Entering the Next Town of Revolta on day eighteen on the Central Route of the Portuguese CaminoEntering the Next Town of Revolta

A few steps onward and up a hill in Revolta there is a little chapel, shown in the next photo, which is open for pilgrims. There is a café across the street, not pictured, called the Café Nunes. Since this was the only café open on this day eighteen of the Central Route on the Camino Portugués everyone was stopping here! There were about 30 pilgrims coming in all at once. There was no table waiting, but pilgrims lined up at the counter to order and collect their order afterwards. What a three-ring circus!

My GPS showed the Café Nunes is about 8 to 8.5 km into the day. It is the last café before the big climb up the mountain, and the last until you reach Rubiães, 10.5 kilometers away. Is it any wonder that everyone was stopping here? We ordered our coffee and left as soon as possible. 

Pilgrim's Chapel in Revolta on day eighteen on the Central Route of the Portuguese CaminoPilgrim's Chapel in Revolta

After leaving Revolta, turning to the left by the Capela, the paved road is a pleasant and rural one, shown below.

Quiet and Paved Rural Road is Next on day eighteen on the Central Route of the Portuguese CaminoQuiet and Paved Rural Road is Next

One kilometer later, the town of Labruja appears ahead, with its church dominating the skyline.

Walking into Labruja on day eighteen on the Central Route of the Portuguese CaminoWalking into Labruja, Day Eighteen, Central Route, Portuguese Camino

400 meters later, we came to the newly-opened in 2018O Conforto Albergue, with an amazing view of the church and the valley below. It is located just under 10 kilometers into the day and had the staging been different, I would love to have stayed at this fantastic-looking place. 

Albergue O Conforto on day eighteen on the Central Route of the Portuguese CaminoAlbergue O Conforto
View of Church and Valley on day eighteen on the Central Route of the Portuguese CaminoView of Church and Valley From the O Conforto

Then it was onward, after the albergue, staying right here, to join the M522 once again, shortly thereafter. 

Onward Past the Albergue on day eighteen on the Central Route of the Portuguese CaminoOnward Past the Albergue, Day Eighteen, Central Route, Portuguese Camino

Walking only briefly on the M522, for about 100 meters, and the Way veers to the right, onto this quaint road below, the Rua da Fonte das Trés Bicas, or loosely translated, The Street of the Source of Three Spouts (fountains).

Rua da Fonte das Trés Bicas on day eighteen on the Central Route of the Portuguese CaminoTurning Onto the Rua da Fonte das Trés Bicas

This landmark fountain can be seen shortly onwards, 50 meters or so, shown below.

Fonte das Trés Bicas on day eighteen on the Central Route of the Portuguese CaminoFonte das Trés Bicas

Just beyond the Fonte das Trés Bicas, a potable water source and safe to drink, is this lovely waterfall and a picnic area if you need a place to take a break. The spring azalea bush was too gorgeous not to pause and photograph!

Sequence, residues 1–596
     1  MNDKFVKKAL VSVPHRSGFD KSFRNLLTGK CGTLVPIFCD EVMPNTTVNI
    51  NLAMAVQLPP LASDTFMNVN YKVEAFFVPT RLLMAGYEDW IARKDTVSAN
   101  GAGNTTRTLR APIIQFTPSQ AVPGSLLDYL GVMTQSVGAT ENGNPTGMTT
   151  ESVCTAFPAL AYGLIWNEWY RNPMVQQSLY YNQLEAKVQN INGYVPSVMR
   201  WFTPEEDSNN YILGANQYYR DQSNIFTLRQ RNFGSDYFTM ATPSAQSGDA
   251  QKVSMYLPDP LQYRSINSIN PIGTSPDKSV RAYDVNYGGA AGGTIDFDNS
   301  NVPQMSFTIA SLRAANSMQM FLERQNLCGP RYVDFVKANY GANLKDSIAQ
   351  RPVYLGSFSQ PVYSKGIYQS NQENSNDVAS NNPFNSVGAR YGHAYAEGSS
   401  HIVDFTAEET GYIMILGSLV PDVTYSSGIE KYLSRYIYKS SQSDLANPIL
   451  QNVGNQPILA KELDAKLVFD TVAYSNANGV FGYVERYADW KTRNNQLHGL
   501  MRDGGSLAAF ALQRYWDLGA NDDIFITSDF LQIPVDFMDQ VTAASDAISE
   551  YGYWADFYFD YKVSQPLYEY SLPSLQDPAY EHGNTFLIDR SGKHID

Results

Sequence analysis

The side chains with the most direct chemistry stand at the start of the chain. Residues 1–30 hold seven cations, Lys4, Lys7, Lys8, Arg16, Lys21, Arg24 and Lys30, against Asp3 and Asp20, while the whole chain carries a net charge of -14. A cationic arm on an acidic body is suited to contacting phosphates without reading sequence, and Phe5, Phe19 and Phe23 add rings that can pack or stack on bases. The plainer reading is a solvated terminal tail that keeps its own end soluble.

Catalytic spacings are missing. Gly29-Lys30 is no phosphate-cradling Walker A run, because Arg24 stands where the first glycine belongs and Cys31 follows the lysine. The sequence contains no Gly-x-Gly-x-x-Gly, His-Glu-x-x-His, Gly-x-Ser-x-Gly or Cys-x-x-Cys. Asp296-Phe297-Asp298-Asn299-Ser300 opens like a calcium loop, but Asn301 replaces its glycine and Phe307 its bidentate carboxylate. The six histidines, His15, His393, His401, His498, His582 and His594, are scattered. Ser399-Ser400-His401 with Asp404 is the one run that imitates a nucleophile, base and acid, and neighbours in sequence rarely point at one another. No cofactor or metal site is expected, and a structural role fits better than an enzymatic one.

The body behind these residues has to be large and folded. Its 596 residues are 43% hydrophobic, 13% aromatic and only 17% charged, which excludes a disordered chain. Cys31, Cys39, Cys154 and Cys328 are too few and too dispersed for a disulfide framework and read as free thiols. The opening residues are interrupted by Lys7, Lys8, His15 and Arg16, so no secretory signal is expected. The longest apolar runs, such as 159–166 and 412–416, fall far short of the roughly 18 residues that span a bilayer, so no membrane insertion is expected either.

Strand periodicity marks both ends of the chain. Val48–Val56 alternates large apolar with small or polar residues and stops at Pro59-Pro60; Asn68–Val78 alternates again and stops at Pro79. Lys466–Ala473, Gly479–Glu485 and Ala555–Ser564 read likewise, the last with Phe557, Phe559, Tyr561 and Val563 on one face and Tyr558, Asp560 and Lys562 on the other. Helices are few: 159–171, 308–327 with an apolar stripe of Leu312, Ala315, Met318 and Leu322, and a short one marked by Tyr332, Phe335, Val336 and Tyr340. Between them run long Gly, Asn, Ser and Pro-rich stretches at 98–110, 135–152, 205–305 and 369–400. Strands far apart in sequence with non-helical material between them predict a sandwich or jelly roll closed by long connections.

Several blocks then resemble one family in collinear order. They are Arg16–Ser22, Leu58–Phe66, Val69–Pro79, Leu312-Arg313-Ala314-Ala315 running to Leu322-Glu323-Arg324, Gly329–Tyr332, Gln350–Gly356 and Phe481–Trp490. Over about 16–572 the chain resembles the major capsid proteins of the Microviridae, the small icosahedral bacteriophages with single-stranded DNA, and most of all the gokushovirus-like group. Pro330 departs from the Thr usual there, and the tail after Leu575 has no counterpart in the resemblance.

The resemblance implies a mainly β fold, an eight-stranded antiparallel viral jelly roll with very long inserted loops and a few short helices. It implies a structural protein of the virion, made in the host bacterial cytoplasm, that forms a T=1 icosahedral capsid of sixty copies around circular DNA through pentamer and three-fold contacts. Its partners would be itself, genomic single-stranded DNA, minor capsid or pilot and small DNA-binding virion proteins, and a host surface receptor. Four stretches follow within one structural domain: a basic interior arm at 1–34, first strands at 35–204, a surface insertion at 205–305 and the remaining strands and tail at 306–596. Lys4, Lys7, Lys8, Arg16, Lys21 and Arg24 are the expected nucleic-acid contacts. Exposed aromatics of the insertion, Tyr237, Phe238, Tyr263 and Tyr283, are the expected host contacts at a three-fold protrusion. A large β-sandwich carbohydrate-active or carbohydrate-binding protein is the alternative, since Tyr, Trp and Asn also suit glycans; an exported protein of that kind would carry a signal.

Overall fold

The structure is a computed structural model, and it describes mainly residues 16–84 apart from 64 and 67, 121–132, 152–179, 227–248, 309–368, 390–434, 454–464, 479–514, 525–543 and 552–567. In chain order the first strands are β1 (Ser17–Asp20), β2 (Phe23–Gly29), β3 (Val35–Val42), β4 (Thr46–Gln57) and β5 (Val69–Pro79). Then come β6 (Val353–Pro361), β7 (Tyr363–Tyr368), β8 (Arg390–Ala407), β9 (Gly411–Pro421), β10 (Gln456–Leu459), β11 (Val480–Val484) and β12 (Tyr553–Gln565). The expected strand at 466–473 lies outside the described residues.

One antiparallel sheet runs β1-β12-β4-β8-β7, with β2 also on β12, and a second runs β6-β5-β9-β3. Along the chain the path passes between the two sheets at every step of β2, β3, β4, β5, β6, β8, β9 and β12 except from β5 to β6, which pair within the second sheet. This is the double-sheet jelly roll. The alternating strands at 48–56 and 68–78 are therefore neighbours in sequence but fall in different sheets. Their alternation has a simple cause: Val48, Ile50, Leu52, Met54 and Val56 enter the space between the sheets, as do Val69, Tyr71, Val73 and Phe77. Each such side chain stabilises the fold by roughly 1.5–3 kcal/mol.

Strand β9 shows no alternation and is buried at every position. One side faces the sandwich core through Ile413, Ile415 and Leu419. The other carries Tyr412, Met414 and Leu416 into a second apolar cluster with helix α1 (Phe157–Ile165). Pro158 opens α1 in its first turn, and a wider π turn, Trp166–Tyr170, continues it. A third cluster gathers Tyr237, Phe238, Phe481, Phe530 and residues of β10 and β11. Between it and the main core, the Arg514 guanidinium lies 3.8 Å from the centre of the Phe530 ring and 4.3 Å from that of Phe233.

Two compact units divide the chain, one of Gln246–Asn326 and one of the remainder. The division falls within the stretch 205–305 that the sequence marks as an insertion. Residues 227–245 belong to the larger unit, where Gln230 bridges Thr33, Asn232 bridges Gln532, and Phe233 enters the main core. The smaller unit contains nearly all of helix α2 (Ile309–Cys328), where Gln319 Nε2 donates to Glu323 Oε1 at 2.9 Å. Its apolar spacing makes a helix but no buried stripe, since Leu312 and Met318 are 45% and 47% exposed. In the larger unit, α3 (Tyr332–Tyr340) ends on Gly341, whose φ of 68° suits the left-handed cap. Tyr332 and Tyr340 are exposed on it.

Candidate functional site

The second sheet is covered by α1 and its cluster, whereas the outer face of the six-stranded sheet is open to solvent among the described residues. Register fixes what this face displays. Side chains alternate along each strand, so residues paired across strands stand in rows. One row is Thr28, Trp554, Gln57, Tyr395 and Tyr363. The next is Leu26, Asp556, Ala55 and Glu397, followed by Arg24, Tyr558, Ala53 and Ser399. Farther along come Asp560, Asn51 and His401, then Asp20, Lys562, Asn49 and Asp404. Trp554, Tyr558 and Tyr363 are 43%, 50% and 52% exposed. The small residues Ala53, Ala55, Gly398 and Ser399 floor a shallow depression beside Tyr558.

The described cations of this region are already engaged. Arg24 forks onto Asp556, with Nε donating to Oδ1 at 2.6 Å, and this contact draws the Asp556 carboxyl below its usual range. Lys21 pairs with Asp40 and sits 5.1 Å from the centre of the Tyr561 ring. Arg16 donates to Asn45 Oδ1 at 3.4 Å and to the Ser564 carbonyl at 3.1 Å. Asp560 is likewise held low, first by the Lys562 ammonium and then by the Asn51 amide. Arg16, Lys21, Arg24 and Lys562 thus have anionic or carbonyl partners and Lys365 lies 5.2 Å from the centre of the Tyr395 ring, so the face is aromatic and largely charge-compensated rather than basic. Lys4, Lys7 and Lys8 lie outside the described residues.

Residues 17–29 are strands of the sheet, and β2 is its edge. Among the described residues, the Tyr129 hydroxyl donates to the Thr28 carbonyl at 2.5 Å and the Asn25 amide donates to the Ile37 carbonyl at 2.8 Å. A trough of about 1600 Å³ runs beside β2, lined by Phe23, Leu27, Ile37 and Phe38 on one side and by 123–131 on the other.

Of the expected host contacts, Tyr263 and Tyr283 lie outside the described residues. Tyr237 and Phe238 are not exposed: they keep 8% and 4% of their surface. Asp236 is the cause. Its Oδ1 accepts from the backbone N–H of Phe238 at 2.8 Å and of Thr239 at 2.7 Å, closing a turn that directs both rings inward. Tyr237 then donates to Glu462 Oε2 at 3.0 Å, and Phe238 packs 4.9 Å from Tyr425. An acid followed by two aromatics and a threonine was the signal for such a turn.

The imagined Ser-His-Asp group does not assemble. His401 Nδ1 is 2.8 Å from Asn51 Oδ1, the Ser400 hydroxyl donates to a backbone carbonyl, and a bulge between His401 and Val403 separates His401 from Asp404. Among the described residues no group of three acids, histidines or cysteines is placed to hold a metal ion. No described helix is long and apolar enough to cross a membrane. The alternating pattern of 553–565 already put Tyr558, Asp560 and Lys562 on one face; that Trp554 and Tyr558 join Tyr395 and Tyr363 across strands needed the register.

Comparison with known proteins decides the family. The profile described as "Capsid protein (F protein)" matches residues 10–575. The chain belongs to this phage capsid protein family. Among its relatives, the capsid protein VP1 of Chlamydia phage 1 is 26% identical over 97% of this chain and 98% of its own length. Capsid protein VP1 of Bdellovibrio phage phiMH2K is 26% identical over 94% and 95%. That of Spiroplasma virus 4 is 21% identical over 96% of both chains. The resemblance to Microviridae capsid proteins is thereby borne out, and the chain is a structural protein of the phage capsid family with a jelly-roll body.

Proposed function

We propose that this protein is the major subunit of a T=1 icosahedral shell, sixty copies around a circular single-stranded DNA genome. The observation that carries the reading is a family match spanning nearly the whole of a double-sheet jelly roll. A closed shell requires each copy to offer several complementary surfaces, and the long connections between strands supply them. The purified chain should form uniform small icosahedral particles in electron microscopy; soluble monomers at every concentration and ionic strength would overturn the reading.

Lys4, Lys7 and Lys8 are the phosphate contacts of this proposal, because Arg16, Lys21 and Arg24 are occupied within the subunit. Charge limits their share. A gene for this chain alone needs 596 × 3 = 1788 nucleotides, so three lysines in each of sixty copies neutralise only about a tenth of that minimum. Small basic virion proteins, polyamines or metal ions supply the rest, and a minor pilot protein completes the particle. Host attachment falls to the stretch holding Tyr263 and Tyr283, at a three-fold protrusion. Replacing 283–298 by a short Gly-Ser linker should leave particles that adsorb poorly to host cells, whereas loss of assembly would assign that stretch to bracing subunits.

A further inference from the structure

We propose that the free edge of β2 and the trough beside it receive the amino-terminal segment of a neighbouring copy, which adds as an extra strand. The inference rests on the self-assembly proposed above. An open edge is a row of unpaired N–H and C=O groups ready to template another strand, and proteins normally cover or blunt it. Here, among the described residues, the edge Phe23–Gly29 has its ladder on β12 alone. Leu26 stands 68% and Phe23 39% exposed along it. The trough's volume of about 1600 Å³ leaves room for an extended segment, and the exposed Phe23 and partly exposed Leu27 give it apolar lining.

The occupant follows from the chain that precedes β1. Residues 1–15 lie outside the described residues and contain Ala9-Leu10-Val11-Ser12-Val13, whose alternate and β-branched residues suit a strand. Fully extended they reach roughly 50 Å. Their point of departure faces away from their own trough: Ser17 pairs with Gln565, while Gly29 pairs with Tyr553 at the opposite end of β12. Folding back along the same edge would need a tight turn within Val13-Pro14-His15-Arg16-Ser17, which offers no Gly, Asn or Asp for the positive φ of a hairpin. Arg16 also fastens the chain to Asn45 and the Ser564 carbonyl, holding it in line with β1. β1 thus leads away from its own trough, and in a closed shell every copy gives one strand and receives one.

Azalea Bush and Waterfall on day eighteen on the Central Route of the Portuguese CaminoAzalea Bush and Waterfall, Day Eighteen, Central Route, Portuguese Way

The Camino onward meanders around, but does not join the M522, and turns to cobblestone. Here are two photos of it at its peak charm. In the second photo you can see the large yellow rain cover on the pack of Michal, from Poland, with whom we would chat this day, and eventually he would join our Camino group. 

Cobblestone through the Portuguese Countryside on day eighteen on the Central Route of the Portuguese CaminoCobblestone through the Portuguese Countryside
Michal Walks Through Arbors on Cobblestone on day eighteen on the Central Route of the Portuguese CaminoMichal Walks Through Arbors on Cobblestone

We crossed the M522 here and turned off onto this path shown below, northward and toward the Labruja mountain.

Leaving Pavement, Towards the Alto da Portela Grande de Labruja on day eighteen on the Central Route of the Portuguese CaminoLeaving Pavement, Towards the Alto da Portela Grande de Labruja

We continued onward on the dirt path, widening into a road, as we entered the forest and away from civilization for about one kilometer, on not-so-steep terrain. Then the real climb begins! We joined the rocky ancient road shown below. 

Joining the Via Romana, the ancient Roman road on the climb to the top, the Alto da Portela Grande de Labruja,  on day eighteen on the Central Route of the Portuguese Camino.Joining the Via Romana, Ancient Roman Road

We stopped to catch our breath in this steep section, below. A kind pilgrim took this shot of us and our newly-found friend.

Michal, Elle and Rich on the Via Romana on day eighteen on the Central Route of the Portuguese CaminoMichal, Elle and Rich on the Via Romana

Just when we thought it couldn't get any steeper, it did! This really rocky and steep section below is just before the Cruz dos Franceses (the French Cross), also pictured below. This cross is the equivalent, I suppose of the Cruz de Ferro on the Camino Francés.

The Very Steep Section of the Roman Road on day eighteen on the Central Route of the Portuguese CaminoThe Very Steep Section, Roman Road
The Cruz dos Franceses (the French Cross),    on day eighteen on the Central Route of the Portuguese Camino. This cross is the equivalent, I suppose of the Cruz de Ferro on the Camino Francés.Cruz dos Franceses